Georgia’s top officials warned there could be “severe” consequences to lottery-funded education programs if the U.S. Justice Department doesn’t clarify a recent opinion that cast doubts about the legality of online state lotteries.
Gov. Brian Kemp and Attorney General Chris Carr sent a recent letter urging the Justice Department to revisit an opinion that, if strictly interpreted, could outlaw lottery tickets sold online and prohibit popular multistate games like Powerball.
The opinion involves an interpretation of the federal Wire Act, which was enacted in the 1960s to hobble the mob’s gambling business.
The Justice Department concluded in 2011 that the law doesn’t apply to state-run lotteries, but the agency reversed course in November at the urging of casino magnate Sheldon Adelson, a Republican mega-donor.
That opinion declared that the law applies to any sort of gambling across state lines, putting a cloud over all online state lotteries. A federal judge has asked the department to clarify its decision, and the agency said last week it is still reviewing its procedures and will not prosecute states while it continues.
A strict interpretation of the rules could have hefty financial consequences for Georgia and other lotteries. An Associated Press analysis found that several states are in danger of losing at least $220 million in annual lottery profits if the opinion is imposed. An end to Powerball and other games would cost billions more.
The New Hampshire Lottery sued the Justice Department in February seeking to reverse the opinion, and about 15 states have joined the challenge. Georgia is not among them.
Online sales have become increasingly important for the Georgia Lottery, which sells some games tickets over the internet and offers a series of interactive “Diggi Games” available only online. Lotteries also often use online services to process payments, run communications and market games.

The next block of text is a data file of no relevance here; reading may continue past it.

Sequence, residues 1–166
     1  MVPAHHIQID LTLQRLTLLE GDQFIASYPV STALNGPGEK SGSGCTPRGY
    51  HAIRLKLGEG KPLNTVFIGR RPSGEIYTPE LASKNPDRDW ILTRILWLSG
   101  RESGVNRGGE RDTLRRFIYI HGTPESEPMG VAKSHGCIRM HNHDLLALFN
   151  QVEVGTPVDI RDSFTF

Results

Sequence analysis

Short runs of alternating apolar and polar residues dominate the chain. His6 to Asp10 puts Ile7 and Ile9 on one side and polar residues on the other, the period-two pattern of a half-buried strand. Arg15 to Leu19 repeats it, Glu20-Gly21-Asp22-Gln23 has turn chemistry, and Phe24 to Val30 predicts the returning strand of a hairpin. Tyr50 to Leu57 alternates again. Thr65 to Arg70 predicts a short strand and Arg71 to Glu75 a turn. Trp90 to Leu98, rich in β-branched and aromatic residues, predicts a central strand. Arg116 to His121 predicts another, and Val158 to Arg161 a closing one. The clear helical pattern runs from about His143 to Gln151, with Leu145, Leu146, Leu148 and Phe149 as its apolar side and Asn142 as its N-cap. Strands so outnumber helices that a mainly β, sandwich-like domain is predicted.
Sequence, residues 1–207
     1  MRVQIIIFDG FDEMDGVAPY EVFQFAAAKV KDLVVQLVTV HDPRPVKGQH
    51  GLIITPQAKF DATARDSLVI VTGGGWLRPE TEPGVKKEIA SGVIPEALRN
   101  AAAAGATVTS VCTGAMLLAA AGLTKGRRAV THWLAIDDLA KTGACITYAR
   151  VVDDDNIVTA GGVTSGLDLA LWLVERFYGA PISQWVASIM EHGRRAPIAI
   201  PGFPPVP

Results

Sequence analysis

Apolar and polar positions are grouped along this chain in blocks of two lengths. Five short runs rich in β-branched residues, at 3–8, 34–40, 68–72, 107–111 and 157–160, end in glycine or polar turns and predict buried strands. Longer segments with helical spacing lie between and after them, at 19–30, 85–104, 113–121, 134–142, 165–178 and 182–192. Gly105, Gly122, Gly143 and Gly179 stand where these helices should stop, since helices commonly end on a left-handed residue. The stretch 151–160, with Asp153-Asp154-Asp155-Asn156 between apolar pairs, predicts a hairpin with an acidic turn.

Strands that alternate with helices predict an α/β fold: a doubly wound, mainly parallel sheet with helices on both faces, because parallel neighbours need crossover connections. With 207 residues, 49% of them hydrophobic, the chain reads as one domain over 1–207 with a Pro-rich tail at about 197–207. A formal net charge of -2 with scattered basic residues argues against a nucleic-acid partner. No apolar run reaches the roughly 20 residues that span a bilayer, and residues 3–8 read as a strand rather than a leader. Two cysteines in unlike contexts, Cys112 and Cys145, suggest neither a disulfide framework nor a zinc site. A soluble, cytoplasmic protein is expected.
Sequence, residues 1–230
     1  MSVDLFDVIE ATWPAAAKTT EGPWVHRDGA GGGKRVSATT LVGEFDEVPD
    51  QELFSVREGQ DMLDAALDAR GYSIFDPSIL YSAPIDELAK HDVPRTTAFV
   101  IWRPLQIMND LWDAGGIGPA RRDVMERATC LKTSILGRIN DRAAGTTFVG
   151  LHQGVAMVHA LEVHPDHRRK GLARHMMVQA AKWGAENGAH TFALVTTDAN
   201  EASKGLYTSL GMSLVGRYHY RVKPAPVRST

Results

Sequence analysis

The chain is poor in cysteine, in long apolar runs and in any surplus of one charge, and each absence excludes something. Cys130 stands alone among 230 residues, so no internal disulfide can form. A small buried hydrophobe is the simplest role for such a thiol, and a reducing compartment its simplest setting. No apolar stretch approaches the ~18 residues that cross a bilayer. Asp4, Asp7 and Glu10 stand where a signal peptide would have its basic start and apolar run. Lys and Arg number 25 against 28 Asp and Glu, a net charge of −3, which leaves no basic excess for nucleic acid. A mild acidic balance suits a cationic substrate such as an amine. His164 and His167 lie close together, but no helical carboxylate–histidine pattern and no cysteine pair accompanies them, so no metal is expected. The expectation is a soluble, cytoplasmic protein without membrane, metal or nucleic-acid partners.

State officials were not immediately clear on the decision’s fiscal fallout in Georgia, where the lottery transferred a record-setting $1.1 billion for pre-kindergarten and HOPE scholarship programs in 2018.
But the letter by Kemp and Carr said a ban on online lottery sales “would devastate the benefits provided to citizens in Georgia and across the nation through state lotteries.”
“In light of these concerns, we seek assurance from the department that state lotteries are not implicated by the 2018 opinion’s interpretation of the Wire Act,” they wrote.
“We therefore respectfully request clarification that the department does not consider the activities of state lotteries, including the transmitting of lottery wages via electronic routing across state lines, to be in violation of the Wire Act.”
- The Associated Press contributed to this report.
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